Most authors know this phenomena. Most readers have heard authors speak of it. Our characters are alive, ever developing, always distinct in our minds. They talk to us. Tell us what they want to say, what they want to happen to them in our stories.
Often, as I lay in bed just about to fall asleep, I hear them. They’re insistent. I used to call it my inspiration, my muse, my creative juices. I learned it was really these lively characters talking to me.
I keep a pen and paper by my bed. No microphone or recording for me. Writing what I hear grounds it down, makes it real. I laugh because what often happens is the minute I put pen and paper aside and turn off the light, another wonderful tid-bit emerges. It happens again and again. Once the proverbial door is open, they all want their say. This can go on for an a half hour or more. After the first few minutes, I have learned to simply get up and go to my office to properly write things down, so I’m not swamped by small pieces of paper filled with clumsy scribbled notes.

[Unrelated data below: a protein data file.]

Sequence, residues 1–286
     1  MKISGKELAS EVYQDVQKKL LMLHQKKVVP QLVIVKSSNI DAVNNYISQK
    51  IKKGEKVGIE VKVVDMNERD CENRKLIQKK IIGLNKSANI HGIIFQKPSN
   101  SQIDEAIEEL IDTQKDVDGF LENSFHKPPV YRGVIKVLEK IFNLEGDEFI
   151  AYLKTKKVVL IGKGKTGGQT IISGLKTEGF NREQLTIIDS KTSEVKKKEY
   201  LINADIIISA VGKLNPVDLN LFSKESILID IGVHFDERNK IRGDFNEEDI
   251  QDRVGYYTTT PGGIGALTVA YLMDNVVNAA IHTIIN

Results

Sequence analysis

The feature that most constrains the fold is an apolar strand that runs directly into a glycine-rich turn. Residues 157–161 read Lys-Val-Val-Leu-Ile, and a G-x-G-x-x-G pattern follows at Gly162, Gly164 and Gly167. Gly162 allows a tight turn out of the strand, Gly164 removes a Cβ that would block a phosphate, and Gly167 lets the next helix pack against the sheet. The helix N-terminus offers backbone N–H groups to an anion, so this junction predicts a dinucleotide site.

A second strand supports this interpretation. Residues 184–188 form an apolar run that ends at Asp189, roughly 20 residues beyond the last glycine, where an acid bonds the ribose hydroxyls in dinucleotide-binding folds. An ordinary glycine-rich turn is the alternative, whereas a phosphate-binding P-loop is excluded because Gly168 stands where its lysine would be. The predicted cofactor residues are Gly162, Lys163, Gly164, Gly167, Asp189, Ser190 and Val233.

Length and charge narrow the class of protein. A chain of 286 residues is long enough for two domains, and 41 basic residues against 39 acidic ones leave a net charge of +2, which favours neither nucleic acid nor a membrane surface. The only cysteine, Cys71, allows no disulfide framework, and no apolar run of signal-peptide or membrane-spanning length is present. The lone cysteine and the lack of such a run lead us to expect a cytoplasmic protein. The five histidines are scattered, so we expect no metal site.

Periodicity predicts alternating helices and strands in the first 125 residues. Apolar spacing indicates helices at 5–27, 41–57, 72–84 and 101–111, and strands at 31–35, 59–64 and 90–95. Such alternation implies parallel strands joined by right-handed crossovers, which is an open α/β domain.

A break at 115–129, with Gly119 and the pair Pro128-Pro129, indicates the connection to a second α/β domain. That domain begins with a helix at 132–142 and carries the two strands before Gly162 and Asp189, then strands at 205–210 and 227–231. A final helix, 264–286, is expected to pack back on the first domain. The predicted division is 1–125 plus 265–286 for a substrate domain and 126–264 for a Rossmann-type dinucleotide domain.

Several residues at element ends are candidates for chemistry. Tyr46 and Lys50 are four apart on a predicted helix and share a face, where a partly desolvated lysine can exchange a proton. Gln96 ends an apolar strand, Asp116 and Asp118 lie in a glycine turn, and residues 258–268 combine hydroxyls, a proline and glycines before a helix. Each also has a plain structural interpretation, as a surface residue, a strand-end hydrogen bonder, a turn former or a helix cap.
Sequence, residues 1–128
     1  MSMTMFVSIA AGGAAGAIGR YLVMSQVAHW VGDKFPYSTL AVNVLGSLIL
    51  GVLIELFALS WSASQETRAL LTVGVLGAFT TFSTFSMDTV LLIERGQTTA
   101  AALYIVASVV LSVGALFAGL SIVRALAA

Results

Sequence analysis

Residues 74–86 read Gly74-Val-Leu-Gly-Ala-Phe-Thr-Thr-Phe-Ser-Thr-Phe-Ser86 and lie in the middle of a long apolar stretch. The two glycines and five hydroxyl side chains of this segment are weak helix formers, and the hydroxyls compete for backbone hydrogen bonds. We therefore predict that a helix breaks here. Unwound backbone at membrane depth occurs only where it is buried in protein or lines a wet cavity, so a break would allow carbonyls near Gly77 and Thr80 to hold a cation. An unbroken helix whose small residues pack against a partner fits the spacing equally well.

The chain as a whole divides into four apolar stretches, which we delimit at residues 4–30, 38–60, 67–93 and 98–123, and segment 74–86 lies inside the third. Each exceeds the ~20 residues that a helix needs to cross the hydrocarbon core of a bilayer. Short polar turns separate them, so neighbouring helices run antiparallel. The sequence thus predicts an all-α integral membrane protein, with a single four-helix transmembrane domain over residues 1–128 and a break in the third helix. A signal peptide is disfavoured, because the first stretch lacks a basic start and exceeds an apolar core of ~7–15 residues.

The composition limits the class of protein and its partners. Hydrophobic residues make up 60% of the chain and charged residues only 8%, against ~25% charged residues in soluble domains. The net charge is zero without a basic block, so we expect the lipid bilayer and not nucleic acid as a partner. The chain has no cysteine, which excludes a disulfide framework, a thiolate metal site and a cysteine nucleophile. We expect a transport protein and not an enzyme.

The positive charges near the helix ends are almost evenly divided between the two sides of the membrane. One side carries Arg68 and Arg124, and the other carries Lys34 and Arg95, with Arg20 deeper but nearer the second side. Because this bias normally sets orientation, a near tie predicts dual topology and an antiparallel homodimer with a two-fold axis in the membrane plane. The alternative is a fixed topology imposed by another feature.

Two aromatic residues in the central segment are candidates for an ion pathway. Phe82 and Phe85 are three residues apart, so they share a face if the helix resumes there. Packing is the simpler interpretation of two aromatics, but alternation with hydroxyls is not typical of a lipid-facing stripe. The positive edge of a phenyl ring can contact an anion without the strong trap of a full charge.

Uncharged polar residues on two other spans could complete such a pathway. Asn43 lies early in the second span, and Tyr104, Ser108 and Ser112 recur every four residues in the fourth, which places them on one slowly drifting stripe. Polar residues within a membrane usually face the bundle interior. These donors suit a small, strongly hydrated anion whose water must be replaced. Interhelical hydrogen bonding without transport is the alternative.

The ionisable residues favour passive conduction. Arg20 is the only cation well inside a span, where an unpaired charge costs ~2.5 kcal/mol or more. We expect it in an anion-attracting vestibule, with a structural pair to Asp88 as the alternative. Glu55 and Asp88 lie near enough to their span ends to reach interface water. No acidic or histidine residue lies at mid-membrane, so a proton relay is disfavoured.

In my newest novel, Carry on the Flame: Part one Destiny’s Call (to be released August 1, 2011), the main character is a young priestess in Glastonbury, England named Sharay. She’s haunted my near sleep state for a long time. After I finished my manuscript she was quiet, yet still there. With the novel's imminent release, her voice has become louder. She wants an interview with herself, a book trailer, maybe even a sequel. She doesn’t let me sleep.